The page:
“Things could be worse.”
Really, Zophar? That’s just mean to say to someone who has lost everything, including his entire family, and his health; someone who has reached rock bottom and feels helpless and hopeless.
I don’t think Zophar cared how his words would effect Job. He, like his cohorts, seemed to simply enjoy the sound of his own voice. None of them were interested in listening.
I want to listen, to put myself in the mind of Job. That’s not easy to do as someone who has not suffered a fraction of Job’s suffering. Job was ill, and lost, confused, depressed, betrayed, harassed, and misunderstood to the point where finding energy to form words was a struggle. But here is what Job says from that very dark place:
Though he slay me, yet will I hope in him. (13:15a)
Job teaches us that we are all the same; created beings inferior to God, living in a world over which He is Sovereign, accountable to Him alone.
Here’s what struck me about that. In spite of Job’s understanding of his low position before God, he still wanted to face Him. He still wanted to go to Him because Job trusted God in spite of what was happening in his life.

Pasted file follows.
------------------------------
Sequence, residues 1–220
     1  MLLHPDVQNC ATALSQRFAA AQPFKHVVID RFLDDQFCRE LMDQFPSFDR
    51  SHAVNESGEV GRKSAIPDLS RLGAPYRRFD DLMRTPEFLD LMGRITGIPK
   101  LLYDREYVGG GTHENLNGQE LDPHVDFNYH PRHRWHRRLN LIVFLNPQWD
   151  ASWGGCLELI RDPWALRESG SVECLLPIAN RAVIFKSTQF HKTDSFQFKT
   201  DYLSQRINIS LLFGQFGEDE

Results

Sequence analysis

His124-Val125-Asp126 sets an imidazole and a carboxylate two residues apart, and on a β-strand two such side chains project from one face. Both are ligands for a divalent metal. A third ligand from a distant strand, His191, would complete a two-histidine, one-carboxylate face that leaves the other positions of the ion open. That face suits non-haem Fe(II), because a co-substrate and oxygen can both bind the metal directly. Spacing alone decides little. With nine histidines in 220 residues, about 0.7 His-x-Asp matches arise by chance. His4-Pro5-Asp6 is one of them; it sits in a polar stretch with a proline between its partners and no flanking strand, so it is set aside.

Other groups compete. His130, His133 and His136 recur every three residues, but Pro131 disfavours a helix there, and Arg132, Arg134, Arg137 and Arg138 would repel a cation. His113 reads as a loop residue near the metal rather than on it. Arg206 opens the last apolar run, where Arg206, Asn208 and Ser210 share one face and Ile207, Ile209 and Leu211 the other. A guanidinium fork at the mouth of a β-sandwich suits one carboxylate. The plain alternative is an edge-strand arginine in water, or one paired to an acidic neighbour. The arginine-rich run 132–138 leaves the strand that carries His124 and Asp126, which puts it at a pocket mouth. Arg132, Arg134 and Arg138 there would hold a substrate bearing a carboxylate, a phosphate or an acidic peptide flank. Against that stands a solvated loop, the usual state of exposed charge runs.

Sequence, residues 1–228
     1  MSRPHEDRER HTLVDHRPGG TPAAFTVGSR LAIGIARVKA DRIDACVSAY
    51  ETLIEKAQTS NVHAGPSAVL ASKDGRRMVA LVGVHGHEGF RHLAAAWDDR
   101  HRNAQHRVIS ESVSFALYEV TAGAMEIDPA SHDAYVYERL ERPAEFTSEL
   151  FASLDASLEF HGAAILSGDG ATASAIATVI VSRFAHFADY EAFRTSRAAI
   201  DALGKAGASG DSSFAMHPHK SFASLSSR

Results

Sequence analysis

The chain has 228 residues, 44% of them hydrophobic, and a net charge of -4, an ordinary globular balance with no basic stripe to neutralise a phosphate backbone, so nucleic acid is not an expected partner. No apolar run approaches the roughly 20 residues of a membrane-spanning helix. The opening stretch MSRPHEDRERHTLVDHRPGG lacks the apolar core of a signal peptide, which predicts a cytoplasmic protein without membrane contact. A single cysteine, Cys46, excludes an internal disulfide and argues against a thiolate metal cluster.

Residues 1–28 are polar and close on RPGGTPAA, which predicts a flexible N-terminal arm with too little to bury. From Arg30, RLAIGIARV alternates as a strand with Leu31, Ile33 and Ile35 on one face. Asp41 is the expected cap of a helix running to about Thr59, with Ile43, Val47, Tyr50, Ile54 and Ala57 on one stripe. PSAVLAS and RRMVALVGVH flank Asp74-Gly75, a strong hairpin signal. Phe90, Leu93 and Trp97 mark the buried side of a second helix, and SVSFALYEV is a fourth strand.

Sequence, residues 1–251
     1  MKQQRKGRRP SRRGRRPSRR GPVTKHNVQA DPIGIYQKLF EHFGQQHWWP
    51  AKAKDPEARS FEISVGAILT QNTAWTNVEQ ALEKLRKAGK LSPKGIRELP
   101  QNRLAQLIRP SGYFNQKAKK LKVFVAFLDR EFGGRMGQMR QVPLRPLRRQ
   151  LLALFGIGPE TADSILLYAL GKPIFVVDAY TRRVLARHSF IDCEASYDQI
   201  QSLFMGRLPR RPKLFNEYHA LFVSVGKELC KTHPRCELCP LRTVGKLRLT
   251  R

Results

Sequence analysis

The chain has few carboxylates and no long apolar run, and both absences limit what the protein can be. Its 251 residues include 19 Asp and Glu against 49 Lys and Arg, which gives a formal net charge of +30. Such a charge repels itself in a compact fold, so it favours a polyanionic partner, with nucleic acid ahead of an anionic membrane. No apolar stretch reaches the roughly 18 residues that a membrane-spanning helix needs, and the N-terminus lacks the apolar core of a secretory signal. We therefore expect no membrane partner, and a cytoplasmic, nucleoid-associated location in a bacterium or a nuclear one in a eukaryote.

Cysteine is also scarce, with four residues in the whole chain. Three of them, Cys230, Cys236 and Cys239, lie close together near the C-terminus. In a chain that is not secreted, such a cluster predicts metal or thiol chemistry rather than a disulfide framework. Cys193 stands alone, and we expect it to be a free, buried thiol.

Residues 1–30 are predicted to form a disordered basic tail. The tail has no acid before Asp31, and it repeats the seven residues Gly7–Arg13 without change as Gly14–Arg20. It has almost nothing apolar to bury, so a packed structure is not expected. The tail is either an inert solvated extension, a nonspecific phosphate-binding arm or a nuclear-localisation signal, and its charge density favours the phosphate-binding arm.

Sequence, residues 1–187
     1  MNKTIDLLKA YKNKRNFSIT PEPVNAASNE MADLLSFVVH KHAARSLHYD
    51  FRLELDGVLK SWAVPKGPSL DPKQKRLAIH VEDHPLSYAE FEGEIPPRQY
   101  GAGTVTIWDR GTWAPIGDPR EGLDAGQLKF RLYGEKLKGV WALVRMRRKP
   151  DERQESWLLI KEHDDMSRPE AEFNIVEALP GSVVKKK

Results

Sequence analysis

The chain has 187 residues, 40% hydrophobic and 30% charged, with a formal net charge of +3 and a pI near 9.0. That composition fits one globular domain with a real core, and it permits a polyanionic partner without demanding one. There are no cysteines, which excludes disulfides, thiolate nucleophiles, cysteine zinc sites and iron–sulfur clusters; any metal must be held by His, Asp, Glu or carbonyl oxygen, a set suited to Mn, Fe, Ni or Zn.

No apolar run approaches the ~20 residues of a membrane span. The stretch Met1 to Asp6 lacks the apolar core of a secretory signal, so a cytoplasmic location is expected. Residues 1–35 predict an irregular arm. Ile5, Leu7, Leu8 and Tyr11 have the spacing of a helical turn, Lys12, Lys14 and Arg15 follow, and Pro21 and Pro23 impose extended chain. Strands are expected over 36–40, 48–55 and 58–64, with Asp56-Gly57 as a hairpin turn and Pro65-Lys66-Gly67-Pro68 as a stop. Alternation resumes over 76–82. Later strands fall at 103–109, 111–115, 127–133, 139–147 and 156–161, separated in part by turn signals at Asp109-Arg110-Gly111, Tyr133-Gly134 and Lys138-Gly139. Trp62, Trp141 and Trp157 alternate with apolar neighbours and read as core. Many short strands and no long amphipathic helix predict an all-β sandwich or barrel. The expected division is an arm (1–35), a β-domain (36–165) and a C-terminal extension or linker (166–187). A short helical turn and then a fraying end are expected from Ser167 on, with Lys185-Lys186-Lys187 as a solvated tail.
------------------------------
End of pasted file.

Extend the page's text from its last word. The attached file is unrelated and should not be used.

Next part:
Job didn’t place his hope in coming up with the right words or attitude to sway God. He didn’t “think it to be it.” Job knew he had nothing to offer God. He was broken and empty. He had questions, sure. He wanted to defend himself. But in the end, even as his wife advised him to curse God and die, Job placed his hope in the Almighty.
Peter talks about the “living hope” we who live after the cross enjoy. (I Peter 1) His name is Jesus! Circumstances aside, the God of hope sees you, hears you, longs to comfort and strengthen you who are his children through the precious blood of His Son.
Now may the God of hope fill you with all joy and peace in believing, that you may abound in hope by the power of the Holy Spirit. (Romans 15:13)